|Shelter's main hall, uncharacteristically empty and filled with sunlight, just after we closed this morning. At night, 16 sleeping mats are placed around the perimeter of the room.|
The shelter is closed tonight, after 6 successive nights of offering shelter, food and warmth. We ended with a bang, or rather a sparkler on top of a birthday cake for "Dave" who turned 60 yesterday. We'd made his favourite dish (Hungarian chicken parprikash) a couple nights earlier, not knowing if we'd be open on his birthday, but there was enough left over for him to enjoy again last night.
The weather has been so variable of late (and the forecasts have been changing regularly) that it's hard to predict when next we'll open. Last time we closed (also on a Monday), we reopened the next night. The Extreme Weather Shelter season ends March 31st, so that's the last possible day we'd be open until November.
We had a core group of 5 guests who stayed with us almost every night this time and six others who stayed for a night or 2 when the weather got really ugly. We had a max. of 8 guests during this period.
It's always tough closing. You naturally wonder how our guests will fare. The people who drop in for a night or 2 only when the weather's really extreme are clearly able to cope in all but the nastiest of weather. The 5 regulars who are there night after night are also survivors and each has a spot (tent, camper, abandoned building) out of the weather, with sleeping bags (or "comfort coats" we handed out). And social services has leads on housing for two of them: "Will" is visiting a potential apartment placement in Surrey Wednesday and Dave, at 60, is now eligible for seniors housing. He visited 5 places in Richmond last week with his worker, although there's one big barrier that needs to be removed, by him, before he'll be accepted.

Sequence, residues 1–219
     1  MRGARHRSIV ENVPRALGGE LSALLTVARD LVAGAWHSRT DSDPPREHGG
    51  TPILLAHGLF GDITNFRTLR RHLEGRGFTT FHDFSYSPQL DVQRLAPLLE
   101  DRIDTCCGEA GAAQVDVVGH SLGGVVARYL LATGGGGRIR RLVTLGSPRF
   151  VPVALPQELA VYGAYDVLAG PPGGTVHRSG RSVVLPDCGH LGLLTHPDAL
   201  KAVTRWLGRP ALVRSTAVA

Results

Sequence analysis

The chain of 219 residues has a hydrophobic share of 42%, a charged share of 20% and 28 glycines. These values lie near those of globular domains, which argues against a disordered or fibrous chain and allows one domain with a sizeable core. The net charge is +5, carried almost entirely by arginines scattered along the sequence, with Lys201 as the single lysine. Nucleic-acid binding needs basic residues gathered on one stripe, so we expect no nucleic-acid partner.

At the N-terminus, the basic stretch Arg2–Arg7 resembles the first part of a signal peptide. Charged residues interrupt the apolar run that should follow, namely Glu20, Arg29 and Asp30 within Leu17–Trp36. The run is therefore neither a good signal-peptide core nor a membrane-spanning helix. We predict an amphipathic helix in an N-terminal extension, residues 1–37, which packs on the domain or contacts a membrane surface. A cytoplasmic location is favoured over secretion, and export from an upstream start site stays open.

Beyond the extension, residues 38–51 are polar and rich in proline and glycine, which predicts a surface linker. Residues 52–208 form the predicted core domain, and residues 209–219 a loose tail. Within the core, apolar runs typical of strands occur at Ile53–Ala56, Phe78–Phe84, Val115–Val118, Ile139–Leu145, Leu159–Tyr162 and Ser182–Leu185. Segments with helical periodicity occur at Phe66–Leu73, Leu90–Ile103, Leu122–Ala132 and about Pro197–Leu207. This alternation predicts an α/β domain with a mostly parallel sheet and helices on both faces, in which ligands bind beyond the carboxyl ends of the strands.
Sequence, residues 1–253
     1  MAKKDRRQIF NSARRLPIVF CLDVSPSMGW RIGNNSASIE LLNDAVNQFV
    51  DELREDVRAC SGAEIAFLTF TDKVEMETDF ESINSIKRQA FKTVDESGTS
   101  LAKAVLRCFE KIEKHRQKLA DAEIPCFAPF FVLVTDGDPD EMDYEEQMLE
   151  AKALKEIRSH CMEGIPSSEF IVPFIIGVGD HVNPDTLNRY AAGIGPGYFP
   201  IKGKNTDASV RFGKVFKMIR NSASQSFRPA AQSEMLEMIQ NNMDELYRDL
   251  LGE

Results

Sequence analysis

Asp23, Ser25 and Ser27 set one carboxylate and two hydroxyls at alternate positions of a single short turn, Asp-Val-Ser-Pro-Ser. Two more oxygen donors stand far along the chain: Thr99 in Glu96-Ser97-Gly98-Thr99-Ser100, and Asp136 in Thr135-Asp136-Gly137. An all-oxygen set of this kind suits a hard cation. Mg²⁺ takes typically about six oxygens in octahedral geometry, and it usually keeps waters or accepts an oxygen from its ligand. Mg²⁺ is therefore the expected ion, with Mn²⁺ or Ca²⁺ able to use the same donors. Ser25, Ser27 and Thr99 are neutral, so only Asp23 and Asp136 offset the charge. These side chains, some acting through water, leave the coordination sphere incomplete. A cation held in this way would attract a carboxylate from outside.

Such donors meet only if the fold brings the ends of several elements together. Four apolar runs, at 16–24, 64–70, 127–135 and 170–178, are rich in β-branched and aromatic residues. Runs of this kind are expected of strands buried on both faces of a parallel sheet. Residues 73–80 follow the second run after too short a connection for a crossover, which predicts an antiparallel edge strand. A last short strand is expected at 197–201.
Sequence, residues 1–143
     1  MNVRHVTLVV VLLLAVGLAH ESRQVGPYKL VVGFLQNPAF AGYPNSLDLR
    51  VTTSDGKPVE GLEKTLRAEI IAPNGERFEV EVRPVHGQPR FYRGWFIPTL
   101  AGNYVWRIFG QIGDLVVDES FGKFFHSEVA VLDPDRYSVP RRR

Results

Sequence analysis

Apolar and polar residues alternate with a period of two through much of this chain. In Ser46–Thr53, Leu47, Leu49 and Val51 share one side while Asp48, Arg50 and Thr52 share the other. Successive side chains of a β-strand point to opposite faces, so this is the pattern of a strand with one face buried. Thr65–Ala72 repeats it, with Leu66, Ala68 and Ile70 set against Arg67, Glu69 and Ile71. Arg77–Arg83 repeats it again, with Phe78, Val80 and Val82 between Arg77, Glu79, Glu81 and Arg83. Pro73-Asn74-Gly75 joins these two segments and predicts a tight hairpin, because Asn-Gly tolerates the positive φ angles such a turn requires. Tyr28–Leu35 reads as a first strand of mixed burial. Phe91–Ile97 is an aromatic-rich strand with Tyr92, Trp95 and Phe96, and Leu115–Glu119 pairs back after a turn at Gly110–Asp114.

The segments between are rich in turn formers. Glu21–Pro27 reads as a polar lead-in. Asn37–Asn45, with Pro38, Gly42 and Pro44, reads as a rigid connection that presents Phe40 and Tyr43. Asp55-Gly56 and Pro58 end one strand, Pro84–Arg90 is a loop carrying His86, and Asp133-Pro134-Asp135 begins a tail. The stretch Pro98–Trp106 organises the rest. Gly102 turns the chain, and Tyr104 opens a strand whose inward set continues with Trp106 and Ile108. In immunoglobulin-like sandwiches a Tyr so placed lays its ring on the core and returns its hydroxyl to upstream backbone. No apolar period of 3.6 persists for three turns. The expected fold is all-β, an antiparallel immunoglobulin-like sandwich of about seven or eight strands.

A huge draw for our regulars is the food and the social side of the shelter -- the warmth and camaraderie of fellow human beings -- and most of them would likely join us right through the summer if we were open. So, the concern for their welfare is not so much their ability to cope with the weather, but how they'll fare with being less well fed, less accepted and more isolated. Some of our guests are just down on their luck or between jobs and we hope they'll get a break and get their lives back together. Some are suffering from mental illness and this is perhaps the toughest situation, but hopefully they have access to professional care and take advantage of organizations like Pathways Clubhouse in Richmond who provide a welcoming atmosphere, affordable food and programs for those with mental illnesses. And the other main group consists of those stuck in their addictions and perhaps the change in experiences they feel between the shelter being open and closed may help them realize they've got to make a change in themselves to be able to live the lives they deserve. If closing a shelter has a silver lining, perhaps this is it.